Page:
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The sun. [volume] (New York [N.Y.]) 1916-1920, February 02, 1919, Section 5 Books and the Book World, Image 48

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THE SUN, SUNDAY, FEBRUARY 2, 1919.
William Winter's "Life of David Belasco
By BARRETT II. CLARK.
TIIE position of William Winter in
tho history of our native stage 13
secure. Tt is at present impossible to es
timate tlie exact importance of his volum
inous contributions, hut not even his niot
unsympathetic detractors can deny that
lie is an imposing figure, one impoiblc
to ignore. Were it only for the mass of
material that he has alreadv collected in
book form his writings -would loom large
in our libraries and form the basis of
jnuch of our material on tho American
theatre.
Winter was not only a critic who prac
tically dominated a great dramatic or
Jet us say theatrical epoch, he was a
man of letters; his books would demand
attention by reason of their delightful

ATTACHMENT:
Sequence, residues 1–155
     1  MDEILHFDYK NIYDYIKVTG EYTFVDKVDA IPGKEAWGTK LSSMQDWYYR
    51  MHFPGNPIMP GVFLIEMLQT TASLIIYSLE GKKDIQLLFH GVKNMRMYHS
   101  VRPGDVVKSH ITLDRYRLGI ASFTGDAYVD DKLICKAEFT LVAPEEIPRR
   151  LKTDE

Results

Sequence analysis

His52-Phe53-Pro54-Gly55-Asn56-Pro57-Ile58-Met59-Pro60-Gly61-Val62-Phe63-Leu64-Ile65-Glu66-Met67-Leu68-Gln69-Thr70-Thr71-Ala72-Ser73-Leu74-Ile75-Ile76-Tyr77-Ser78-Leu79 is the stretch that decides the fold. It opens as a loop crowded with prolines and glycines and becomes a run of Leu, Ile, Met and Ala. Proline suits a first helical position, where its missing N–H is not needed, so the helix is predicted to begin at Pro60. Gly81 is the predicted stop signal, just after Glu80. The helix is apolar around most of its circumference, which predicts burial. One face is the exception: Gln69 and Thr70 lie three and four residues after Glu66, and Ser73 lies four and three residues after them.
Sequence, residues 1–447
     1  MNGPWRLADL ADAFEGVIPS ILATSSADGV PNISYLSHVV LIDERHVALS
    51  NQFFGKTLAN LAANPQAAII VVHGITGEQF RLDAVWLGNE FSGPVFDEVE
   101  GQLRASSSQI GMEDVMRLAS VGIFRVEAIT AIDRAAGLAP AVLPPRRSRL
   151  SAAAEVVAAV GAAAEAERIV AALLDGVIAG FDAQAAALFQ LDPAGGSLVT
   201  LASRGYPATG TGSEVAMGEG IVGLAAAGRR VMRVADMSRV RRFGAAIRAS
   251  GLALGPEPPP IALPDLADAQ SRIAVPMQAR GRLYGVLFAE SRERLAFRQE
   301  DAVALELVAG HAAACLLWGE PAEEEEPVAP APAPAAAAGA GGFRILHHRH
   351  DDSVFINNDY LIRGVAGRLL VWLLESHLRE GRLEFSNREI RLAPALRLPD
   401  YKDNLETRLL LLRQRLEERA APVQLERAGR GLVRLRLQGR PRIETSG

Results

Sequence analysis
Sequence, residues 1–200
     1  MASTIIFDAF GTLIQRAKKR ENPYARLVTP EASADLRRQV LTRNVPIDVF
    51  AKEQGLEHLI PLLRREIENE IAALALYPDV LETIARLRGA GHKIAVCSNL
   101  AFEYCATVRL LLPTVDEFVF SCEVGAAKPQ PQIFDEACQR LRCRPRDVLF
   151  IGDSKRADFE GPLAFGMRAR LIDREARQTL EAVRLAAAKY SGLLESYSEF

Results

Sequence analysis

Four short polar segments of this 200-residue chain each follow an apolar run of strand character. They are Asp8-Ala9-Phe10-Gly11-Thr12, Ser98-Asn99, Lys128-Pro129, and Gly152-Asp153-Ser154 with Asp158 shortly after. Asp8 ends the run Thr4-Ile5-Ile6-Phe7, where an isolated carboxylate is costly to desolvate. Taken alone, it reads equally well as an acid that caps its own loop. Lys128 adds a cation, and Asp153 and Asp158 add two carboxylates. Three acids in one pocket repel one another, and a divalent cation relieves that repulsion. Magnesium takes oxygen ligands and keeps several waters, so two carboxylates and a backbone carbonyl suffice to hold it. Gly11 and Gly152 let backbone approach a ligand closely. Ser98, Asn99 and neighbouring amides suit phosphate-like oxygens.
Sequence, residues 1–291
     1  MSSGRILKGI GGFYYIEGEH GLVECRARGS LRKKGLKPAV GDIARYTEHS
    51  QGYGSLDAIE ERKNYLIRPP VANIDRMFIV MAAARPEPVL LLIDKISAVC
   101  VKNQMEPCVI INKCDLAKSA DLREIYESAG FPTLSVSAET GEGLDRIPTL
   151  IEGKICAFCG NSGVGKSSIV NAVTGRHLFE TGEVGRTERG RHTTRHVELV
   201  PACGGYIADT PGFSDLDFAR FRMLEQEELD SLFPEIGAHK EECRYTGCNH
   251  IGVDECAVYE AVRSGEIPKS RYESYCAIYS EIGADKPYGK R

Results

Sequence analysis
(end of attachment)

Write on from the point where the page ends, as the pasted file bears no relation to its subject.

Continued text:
Btylc if not for their matter.
"Si Monumentum Requjris '
The publishers arc rendering a distinct
service in issuing volume after volume of
the collected works of the veteran critic
These already include three scries of
Studies relating to Shakespeare on the
Stage, two volumes of miscellaneous ma
terial in Hie Wallet of Time, two on The
Life and Art of Richard Mansfield, not
to mention biographies of actors, single
volumes of reminiscences, and finally, the
most imposing of all the biographies, The
Life of David Belasco two volumes,
with a total of 1,093 pages I
A quick glance at this formidable set is
sufficient to see that tho writer has been
at pains to gather all available material
not only on the Kfe of Mr. Belasco, but
On the numerous associates' of Mr. Belasco
and tho various activities with which he
has been identified. Indeed, had Winter
confined himself merely to a biography of
David Belasco that manager must surely
have protested. Bernard Shaw's biog
rapher dared not devote over half the
space to his hero that Mr. Winter has
given to his, and I know of no Goetho
biography even by a German that is
longer than the work now under consid--'
eration. Surely "William Winter must
have considered his subject rather as a
centre of activities, a point of departure,
than a demigod.
Belasco's Claim to Fame.
I intend no disrespect to Mr. Belasco,
who is a very able manager, a play
tinker of talent who rendered signal ser
vice to the American theatre during a
period of depression. In all probability
the obstacles he was called upon to face